OconeeCountyObservations.com appears to be a legitimate and often updated blog – true to its description; News and comments about developments in Oconee County, Georgia. The site’s owner and author, Lee Becker, is apparently a very well educated man, and although Becker does not refer to himself as a journalist in his blog, his education background and credentials in the field of journalism are significant. In the right-hand column of the blog, Becker provides personal information about himself, his purpose for the blog, and what journalistic standards he strives to embody through his reports. The side column also contains descriptions of several awards and honors Becker has received. While announcing such accomplishments might appear to some as boastful, their mention is not posted front and center on the site. Becker’s inclusion of his personal background and important milestones is very helpful in determining whether or not visitors are reading the work of a credible individual. He clearly provides answers to many – if not all – of the systematic questions Kovach and Rosenstiel (2010) present when, “analyzing the content and nature of media” (p. 32). Virtually without exception, each of the posts on Becker’s site are composed in strict accordance to the SPJ Code of Ethics (2014). Clicking on the link to his complete profile on Blogger.com reveals that Becker has lived in Oconee County since 1997.
By virtue of the fact Becker’s reports include videos of Oconee County governance meetings, verifying the information in his reports is extremely easy. Becker’s site encourages public civil discourse and commentary, and unlike the negative and often offensive comments that follow the online articles of well-known professional journalists, those I read offered nothing but publically acceptable – albeit critical – remarks about the subject of Becker’s report. Even though the journalistic integrity of an online article cannot be determined by the number of inflammatory comments that follow, I believe the nature of the comments for Becker’s posts speak to his high standards of reporting.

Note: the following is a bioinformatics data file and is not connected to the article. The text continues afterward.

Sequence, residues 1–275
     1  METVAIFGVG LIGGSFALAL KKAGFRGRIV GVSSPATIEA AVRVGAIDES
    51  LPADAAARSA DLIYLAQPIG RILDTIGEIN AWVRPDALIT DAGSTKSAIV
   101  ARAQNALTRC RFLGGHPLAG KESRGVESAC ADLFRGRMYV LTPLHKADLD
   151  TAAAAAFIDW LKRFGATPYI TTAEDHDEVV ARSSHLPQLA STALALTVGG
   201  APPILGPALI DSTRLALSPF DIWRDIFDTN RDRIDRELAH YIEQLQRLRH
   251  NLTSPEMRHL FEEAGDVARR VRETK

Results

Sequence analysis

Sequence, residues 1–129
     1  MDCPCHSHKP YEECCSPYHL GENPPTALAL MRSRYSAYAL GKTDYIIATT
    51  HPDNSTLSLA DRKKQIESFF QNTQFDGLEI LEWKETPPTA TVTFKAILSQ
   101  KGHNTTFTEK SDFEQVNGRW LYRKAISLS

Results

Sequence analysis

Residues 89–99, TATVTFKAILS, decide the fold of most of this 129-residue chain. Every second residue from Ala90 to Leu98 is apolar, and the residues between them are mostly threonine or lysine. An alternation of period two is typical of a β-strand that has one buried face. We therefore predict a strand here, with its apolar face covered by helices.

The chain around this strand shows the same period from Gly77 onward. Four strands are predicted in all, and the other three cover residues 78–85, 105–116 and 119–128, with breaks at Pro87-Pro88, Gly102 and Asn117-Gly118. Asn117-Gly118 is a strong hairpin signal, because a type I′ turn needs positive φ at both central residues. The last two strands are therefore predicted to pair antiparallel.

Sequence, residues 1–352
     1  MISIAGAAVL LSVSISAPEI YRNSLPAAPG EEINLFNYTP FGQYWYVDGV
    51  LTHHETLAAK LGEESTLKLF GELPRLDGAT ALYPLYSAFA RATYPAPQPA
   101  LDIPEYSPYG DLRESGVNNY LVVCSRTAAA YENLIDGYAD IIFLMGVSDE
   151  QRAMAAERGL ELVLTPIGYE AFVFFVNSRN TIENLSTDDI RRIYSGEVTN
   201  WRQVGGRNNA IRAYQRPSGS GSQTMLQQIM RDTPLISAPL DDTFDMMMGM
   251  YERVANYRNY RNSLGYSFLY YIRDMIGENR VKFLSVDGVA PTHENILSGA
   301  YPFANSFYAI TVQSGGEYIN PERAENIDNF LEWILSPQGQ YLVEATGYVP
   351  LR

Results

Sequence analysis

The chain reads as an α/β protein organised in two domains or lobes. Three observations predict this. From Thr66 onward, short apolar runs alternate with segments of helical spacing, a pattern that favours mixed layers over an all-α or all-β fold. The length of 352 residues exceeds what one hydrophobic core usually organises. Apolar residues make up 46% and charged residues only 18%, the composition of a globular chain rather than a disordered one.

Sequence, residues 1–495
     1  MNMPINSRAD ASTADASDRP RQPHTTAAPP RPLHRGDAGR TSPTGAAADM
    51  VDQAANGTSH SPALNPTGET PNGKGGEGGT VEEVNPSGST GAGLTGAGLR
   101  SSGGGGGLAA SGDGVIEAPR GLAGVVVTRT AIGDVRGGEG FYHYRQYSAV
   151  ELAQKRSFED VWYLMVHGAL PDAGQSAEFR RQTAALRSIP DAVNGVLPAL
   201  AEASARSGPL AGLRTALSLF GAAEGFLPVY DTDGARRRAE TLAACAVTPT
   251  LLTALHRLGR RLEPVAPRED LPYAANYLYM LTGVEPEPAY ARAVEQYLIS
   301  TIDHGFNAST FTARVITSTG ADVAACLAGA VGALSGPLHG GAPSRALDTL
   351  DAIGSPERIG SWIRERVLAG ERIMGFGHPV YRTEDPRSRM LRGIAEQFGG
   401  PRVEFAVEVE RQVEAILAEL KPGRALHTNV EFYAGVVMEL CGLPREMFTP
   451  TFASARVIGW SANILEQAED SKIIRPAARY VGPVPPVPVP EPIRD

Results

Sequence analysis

As pointed out in Stephen Ward’s Digital Media Ethics (2015),
“… citizens without journalistic training and who do not work for mainstream media calls themselves journalists…”.
I think Becker’s blog is very much an exception to the always evolving, online media environment described by Ward (2012). The Oconee County Observation represents (ironically) a professional level of journalism presented through an amateur medium. This is not to say that the blogging platform used by Becker is illegitimate or obsolete, but that traditionally I would expect to find Becker’s caliber of reporting in a nationally recognized news publication, and not representing one man’s self-proclaimed hobby. In other words, Becker is clearly a well educated man whose education level suggests his having made a major contribution to field of journalism. There is an inherent characteristic of humility to be found in the unsponsored blog of an individual with a doctorate in journalism who never refers to themselves as a professional – let alone a journalist.
The rise of citizen journalists and bloggers presents many advantages and disadvantages. Using citizen-sourced information, the reach of News media agencies is increased, but so too is the potential for erroneous or biased reports. The value of eyewitness accounts of unfolding events can be substation for local news stations whose reporters are unavailable. For individuals aspiring to become professional journalists and who have dedicated themselves to the study of journalism, distinguishing oneself from the growing population of online content creators may prove frustrating. This potential dilemma for professional journalists may be caused by what Stephen Ward suggests is the “blurring of the identity of journalists and the idea of what constitutes journalism” (2015).
Becker, Lee. (2015, March 15). [Web log message]. Oconee County Observations. Retrieved from http://oconeecountyobservations.blogspot.com/2015/03/jimmy-daniell-road-rezone-likely-to-be.html
Kovach, Bill and Rosenstiel, Tom. (2010). Blur: How to know what’s true in the age of information overload. New York: Bloomsbury, USA.
Society of Professional Journalists. (2014). SPJ code of ethics. Retrieved from: http://www.spj.org/ethicscode.asp
Ward, S. (2015). Digital Media Ethics. University of Wisconsin: Center for Journalism Ethics. Retrieved from http://ethics.journalism.wisc.edu/resources/digital-media-ethics/